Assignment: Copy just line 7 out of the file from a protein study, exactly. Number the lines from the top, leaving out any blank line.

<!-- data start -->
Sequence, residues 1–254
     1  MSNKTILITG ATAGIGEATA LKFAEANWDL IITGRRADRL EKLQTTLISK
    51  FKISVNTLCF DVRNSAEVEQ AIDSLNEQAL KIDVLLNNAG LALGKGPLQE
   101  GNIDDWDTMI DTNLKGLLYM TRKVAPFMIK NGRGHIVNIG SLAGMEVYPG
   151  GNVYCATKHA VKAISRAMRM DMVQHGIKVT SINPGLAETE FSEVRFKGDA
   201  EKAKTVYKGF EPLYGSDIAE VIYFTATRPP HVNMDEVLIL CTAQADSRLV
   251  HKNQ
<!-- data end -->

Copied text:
   251  HKNQ